Everyone Is Just Really Confused About Hugging in Schools
Sometimes we need to bubblewrap children for their own protection. Maybe it's easier to keep them safe that way. When their security is at stake, it's easy to believe that their protectors would do anything to keep students from harm.
You may have heard that earlier this March, St. Mary's County, Md., public elementary schools banned parents from hugging any child other than their own. The rule has gotten some attention from various media outlets because, well, hugging is great. Hugging is sunshine you spread with your arms. Are we now supposed to say "Hugs not drugs, only also, no hugs"?
It's so warm and comforting, right?
Actually, though, St. Mary's County still likes its hugging; there is no ban. The district convened a study group to focus on ways that schools could improve procedures regarding school visitation, with the first meeting taking place in September 2012. That group presented its list of best practices at a March 13 board meeting. The report tackled everything from recess policy to procedures for bringing in homemade snacks. At some point, however, the presentation's list of practices were confused with outright rule changes, and Internet backlash ensued.
"We want to ensure that our parents and volunteers are held to the same high standard as our staff by communicating clear guidance and expectations for working and volunteering with children," wrote superintendent Michael J. Martirano in a letter posted to the district's website, in an effort to correct misunderstandings.
The board now plans on further developing the practices for use in secondary schools.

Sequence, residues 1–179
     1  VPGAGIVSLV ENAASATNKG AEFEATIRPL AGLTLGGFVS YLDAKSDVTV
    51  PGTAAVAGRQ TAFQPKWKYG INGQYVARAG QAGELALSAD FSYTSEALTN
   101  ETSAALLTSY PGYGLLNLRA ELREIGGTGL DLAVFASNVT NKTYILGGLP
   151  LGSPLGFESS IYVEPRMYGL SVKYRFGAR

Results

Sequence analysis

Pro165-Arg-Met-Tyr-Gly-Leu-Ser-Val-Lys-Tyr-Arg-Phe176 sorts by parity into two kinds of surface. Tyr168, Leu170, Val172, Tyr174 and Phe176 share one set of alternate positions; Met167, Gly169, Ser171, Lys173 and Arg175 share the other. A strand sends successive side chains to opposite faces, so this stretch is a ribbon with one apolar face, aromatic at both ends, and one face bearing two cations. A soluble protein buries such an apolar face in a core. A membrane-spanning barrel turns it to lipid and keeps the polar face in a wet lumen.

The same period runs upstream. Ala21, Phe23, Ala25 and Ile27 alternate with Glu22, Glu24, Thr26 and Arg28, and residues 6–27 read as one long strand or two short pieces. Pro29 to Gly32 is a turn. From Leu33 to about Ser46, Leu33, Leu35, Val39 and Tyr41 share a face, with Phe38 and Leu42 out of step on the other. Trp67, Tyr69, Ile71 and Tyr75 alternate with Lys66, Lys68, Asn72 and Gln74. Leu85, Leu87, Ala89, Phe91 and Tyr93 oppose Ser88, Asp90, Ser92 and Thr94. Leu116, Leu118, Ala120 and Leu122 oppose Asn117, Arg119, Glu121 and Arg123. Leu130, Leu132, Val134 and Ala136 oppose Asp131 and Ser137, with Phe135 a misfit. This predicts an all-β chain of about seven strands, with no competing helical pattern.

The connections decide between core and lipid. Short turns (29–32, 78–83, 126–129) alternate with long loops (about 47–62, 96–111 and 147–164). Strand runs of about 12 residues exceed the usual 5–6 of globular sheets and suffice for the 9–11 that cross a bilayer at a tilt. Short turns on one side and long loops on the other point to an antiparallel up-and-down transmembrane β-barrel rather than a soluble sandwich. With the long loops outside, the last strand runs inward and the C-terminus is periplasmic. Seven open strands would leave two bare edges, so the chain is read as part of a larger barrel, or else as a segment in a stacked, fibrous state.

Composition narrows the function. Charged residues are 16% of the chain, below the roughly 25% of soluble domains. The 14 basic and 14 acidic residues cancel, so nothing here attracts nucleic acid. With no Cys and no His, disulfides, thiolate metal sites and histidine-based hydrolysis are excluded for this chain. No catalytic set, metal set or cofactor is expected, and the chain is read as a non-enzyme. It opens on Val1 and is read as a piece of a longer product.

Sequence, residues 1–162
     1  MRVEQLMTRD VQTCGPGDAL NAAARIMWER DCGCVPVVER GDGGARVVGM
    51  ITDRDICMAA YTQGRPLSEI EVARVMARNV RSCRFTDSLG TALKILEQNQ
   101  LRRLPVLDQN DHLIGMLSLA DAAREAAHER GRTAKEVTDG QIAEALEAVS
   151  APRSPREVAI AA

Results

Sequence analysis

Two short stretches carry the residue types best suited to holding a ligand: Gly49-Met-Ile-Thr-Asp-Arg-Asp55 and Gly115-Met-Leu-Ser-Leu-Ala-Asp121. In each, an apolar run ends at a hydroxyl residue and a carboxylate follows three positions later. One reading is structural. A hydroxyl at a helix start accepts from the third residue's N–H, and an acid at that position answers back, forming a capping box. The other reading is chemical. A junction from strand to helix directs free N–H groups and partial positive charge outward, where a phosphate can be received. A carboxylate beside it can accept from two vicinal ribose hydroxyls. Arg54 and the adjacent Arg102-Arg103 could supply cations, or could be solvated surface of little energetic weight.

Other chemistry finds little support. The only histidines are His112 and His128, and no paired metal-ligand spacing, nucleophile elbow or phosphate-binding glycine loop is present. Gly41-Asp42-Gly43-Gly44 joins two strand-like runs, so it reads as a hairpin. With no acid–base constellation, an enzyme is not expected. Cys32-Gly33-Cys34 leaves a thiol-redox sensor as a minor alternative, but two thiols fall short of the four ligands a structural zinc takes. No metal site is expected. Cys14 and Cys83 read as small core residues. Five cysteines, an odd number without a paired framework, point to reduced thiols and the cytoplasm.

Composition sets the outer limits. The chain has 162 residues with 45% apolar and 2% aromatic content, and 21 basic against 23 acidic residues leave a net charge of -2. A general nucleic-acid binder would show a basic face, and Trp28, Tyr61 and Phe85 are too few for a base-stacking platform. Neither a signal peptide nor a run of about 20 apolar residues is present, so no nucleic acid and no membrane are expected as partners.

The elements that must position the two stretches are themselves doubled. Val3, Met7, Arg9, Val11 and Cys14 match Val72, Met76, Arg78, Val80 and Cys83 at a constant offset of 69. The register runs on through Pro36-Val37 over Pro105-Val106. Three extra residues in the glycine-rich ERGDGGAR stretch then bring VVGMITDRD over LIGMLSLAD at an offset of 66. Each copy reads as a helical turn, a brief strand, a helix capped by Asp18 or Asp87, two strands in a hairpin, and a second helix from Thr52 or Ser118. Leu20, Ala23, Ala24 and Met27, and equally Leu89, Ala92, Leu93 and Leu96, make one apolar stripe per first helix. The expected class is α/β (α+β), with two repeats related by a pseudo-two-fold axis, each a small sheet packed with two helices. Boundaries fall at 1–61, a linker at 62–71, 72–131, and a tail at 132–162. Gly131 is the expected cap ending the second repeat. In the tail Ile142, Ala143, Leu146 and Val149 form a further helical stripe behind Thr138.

So hugging is not the new school climate threat. But there's reason enough to understand the concern. Lapses in school security can quickly lead to tragedy, and if schools don't innately distrust parents, there are many reasons to distrust people in general. More than one person has imitated a parent to sign another person's child out of school, including a brutal Philadelphia occurrence this past January. And this week alone, at least two media outlets have reported attempted abductions of students from school, one in Sussex, England, and the other in Eddyville, Iowa. At some point, schools might not want to spend a valuable resource—time—figuring out who belongs on a school campus and who doesn't.
The threat of child abduction doesn't equate to the threat of hugging, necessarily, but for worried administrators, does a difference really matter? What looks like a simple hug from a stranger could end in kidnapping or assault, and the news is riddled with articles about improper relations between adults and schoolchildren. Yesterday, the Ohio Department of Education released a report showing that accusations of teacher misconduct have tripled since 2007. Education is built on the foundation that parents can trust schools with their kids, but there are daily reminders that adults are not angels. Even when it might be innocent, sometimes parents don't want anyone to touch their child.
When you're a school administrator, perhaps, at some point, it stops making a difference that most hugging is not dangerous. That's why a New Jersey middle school principal banned hugging last March on the grounds that it had led to occasionally suggestive embracing.
There's no war on hugging, but maybe more bans are coming. Sometimes it's easier to just say "No touching."
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